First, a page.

A recent survey by the American Society of Travel Agents found that almost twice as many travellers go on holiday with the express purpose of relaxing, rather than sightseeing. This trend is reflected in the growing range of sleep-assisting options offered by accommodation providers around the globe. Pillow menus are now commonplace in high-end hotels, and Six Senses resorts in Oman, Portugal, Seychelles, Thailand and Vietnam offer a Sleep With Six Senses package to guests, which can cost upwards of USD$200 extra per guest per night. Guests are willing to pay more for a good night’s sleep.
However, not all hotels need to offer sleep packages with bamboo fibre pillows and lavender neti pots – often just a good mattress will suffice. Advances in technology mean that hotel buyers can consider much more than simply how soft or firm they are – these days products can involve memory foam, cooling gel and moisture-wicking fabrics, as well as variations on height, shape and size.
“Mattress preference is personal and subjective and how comfortable you find a mattress depends on a lot of factors such as whether you sleep on your side, back or stomach,” said Kristopher Beck, Hilton’s director of product management. “We put a lot of effort into creating a sleep environment that caters to as many guests as possible regardless of their sleep habits.” According to Beck, the most popular mattresses are relatively firm with a soft topper.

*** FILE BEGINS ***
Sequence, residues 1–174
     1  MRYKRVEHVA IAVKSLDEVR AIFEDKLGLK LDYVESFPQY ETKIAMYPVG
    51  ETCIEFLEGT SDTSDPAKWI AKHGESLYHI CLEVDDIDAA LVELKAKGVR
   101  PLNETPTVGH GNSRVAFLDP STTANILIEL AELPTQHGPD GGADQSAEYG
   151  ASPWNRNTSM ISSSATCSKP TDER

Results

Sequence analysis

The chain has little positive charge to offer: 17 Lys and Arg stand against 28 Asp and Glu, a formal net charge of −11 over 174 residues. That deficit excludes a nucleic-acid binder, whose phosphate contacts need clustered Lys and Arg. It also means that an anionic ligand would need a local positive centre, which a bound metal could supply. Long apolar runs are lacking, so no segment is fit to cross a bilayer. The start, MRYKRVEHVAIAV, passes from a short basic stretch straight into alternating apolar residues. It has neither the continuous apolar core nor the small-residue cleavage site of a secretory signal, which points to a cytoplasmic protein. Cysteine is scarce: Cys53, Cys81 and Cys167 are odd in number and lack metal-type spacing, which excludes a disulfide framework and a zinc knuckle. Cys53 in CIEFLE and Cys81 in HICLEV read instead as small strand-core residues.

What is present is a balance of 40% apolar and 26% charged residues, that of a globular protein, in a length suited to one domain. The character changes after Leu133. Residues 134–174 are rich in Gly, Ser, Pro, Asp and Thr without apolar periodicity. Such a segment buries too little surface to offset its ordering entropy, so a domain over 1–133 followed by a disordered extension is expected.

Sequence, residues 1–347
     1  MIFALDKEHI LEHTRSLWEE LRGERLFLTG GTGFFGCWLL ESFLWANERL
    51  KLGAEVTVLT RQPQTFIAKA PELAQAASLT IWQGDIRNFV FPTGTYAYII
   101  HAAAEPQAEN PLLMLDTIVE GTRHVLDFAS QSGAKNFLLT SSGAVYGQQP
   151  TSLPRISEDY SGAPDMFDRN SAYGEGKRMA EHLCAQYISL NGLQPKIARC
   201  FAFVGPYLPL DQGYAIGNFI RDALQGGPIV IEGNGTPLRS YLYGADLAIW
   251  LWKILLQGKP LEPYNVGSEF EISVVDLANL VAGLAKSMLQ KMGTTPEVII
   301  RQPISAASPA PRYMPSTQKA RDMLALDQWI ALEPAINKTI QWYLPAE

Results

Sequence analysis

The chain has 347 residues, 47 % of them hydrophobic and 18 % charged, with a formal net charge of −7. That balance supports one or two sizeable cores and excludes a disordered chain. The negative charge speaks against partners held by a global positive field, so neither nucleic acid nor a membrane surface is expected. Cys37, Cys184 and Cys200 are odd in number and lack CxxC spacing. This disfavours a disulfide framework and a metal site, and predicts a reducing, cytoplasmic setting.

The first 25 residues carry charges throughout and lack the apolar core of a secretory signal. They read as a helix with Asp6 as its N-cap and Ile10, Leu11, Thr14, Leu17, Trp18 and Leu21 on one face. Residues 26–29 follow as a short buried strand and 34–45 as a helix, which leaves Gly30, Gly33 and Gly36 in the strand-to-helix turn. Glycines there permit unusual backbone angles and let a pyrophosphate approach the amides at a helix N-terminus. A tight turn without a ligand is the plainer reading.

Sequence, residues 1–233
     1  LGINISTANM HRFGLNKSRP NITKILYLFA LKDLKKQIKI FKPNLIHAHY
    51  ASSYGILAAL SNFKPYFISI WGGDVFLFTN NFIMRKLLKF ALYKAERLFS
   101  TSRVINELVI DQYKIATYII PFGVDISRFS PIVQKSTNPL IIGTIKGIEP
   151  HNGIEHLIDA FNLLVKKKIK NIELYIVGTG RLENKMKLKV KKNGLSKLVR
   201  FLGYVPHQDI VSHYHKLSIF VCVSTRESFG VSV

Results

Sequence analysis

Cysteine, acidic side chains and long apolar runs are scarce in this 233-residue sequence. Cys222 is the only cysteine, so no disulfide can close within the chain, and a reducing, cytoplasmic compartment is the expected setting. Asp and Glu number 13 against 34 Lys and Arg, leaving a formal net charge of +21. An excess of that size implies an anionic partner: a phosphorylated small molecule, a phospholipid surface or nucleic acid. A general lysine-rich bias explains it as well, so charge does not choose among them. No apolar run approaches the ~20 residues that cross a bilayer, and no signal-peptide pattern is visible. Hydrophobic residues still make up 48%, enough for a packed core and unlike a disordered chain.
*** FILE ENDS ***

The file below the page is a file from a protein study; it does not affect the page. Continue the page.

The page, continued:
Accomodation providers have different needs to domestic consumers, and mattresses need to cater towards these. A key feature of the New Zealand-made Slumberzone commercial range are long-lasting strong sides of the mattress which won’t sag after repeated use, as well as a strong mid-section to accommodate for a large range of guest body shapes and sizes.
“We use special Tripedic Technology to provide enhanced support in the sides and central part of the mattress,” said sales and marketing manager Vikram Nagpal. “This means that the mattresses we are supplying to accommodation providers are the best they can be.”
It isn’t just the large chains paying more attention to the sleeping needs of their guests, with more independent accommodation providers taking less conventional approaches to beds. Custom-made beds are becoming increasingly popular, with some chains finding that these beds are so popular guests are wanting to buy them themselves. Hilton and Fairmont sell the beds found in their hotels, and the trademark ‘Heavenly Bed’ from Westin Hotels and Resorts is a big-seller.
For those who want to make sure their guest has an experience like no other, they can take note of the Savoy Hotel’s Royal Suite, which features a mattress stuffed with hair from an indigenous species of Yak from the Khangai region of Mongolia – with a take-home price tag of $135,000.
To find out how to give your guests s good night’s sleep visit http://slumberzone.co.nz/